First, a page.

Attorney General Merrick Garland has said his deputy, Lisa Monaco, meets regularly with Bureau of Prisons officials to address issues plaguing the agency.
Federal prison workers in nearly every job function have been charged with crimes. Those employees include a teacher who pleaded guilty in January to fudging an inmate’s high school equivalency and a chaplain who admitted taking at least $12,000 in bribes to smuggle Suboxone, which is used to treat opioid addiction, as well as marijuana, tobacco and cellphones, and leaving the items in a prison chapel cabinet for inmates to retrieve.
At the highest ranks, the warden of a federal women’s prison in Dublin, California, was arrested in September and indicted this month on charges he molested an inmate multiple times, scheduled times where he demanded she undress in front of him and amassed a slew of nude photos of her on his government-issued phone.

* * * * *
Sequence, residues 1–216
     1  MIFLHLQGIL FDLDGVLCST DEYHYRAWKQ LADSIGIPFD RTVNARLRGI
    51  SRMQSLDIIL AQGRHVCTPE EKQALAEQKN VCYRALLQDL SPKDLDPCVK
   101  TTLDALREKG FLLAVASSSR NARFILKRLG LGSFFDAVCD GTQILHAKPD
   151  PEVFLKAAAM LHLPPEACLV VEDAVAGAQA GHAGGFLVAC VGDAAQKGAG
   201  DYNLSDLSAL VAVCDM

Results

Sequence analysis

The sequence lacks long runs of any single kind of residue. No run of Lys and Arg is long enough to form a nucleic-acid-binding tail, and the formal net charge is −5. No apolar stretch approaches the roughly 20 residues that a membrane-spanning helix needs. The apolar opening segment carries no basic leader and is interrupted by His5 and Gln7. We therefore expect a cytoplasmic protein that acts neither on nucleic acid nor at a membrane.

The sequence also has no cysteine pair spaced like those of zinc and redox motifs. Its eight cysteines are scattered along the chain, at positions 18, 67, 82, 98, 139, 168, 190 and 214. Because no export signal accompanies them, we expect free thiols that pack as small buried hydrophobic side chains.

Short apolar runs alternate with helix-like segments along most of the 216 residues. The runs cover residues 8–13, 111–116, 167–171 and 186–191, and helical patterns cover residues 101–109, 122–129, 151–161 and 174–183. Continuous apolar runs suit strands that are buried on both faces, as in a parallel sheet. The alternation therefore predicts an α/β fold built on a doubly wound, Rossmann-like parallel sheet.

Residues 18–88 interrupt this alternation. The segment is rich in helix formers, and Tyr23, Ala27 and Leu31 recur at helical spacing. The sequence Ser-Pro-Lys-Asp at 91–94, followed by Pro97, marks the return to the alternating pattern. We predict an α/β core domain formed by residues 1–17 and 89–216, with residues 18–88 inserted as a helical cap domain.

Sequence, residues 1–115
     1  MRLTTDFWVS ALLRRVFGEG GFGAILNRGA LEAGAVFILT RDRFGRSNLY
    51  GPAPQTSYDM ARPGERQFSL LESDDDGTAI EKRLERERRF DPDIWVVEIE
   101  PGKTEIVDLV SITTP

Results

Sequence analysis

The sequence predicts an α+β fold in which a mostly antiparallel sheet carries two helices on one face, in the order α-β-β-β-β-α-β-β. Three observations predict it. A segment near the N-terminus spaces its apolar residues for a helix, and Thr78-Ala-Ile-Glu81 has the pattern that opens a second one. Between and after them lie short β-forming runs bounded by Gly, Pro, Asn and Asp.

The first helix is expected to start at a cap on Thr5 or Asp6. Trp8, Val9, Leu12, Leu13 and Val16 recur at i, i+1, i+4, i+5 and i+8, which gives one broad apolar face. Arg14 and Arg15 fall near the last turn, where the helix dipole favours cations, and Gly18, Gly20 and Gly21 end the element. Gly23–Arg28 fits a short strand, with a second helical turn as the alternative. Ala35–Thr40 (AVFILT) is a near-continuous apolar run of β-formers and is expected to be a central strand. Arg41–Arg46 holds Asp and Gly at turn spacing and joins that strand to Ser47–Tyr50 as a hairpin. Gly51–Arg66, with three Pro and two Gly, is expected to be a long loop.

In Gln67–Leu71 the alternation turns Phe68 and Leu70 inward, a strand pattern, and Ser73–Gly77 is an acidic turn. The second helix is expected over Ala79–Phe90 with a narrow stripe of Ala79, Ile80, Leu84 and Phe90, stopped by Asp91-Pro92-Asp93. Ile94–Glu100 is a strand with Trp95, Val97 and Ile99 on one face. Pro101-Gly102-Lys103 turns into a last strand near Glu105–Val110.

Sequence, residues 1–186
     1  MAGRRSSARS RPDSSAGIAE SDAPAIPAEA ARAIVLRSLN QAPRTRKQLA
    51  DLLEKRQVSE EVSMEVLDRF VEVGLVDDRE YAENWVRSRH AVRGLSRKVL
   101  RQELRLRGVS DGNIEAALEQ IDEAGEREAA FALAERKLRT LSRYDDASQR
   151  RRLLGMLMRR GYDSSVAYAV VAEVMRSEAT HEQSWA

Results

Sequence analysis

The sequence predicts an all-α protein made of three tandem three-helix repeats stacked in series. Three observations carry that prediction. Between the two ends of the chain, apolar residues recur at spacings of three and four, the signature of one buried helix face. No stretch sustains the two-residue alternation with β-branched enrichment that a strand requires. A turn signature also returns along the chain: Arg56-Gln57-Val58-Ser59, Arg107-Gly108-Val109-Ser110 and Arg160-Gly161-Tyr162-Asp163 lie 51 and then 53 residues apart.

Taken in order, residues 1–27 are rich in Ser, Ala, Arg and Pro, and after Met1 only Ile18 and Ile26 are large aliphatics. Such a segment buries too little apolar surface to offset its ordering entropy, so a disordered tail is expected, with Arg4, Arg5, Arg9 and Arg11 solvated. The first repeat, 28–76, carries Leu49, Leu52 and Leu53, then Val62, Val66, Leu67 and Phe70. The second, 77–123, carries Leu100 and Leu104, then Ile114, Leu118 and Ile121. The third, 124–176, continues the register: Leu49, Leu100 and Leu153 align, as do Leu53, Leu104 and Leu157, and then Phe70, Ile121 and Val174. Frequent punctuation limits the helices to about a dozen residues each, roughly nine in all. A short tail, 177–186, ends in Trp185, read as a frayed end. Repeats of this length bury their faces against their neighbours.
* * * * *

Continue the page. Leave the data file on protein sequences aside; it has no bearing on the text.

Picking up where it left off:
Warden Ray Garcia, who was placed on administrative leave after the FBI raided his office in July, allegedly told the woman there was no point in reporting the sexual assault because he was “close friends” with the person who would investigate the allegation and that the inmate wouldn’t be able to “ruin him.” Garcia has pleaded not guilty.
Garcia’s arrest came three months after a recycling technician at FCI Dublin was arrested on charges he coerced two inmates into sexual activity. Several other workers at the facility, where actresses Felicity Huffman and Lori Loughlin spent time for their involvement in the college admissions bribery scandal, are under investigation.
Monaco said after Garcia’s arrest that she was “taking a very serious look at these issues across the board” and insisted she had confidence in the bureau’s director, Michael Carvajal, months after senior administration officials were weighing whether to oust him.
In August, the associate warden at the Metropolitan Detention Center in New York City was charged with killing her husband — a fellow federal prison worker — after police said she shot him in the face in their New Jersey home. She has pleaded not guilty.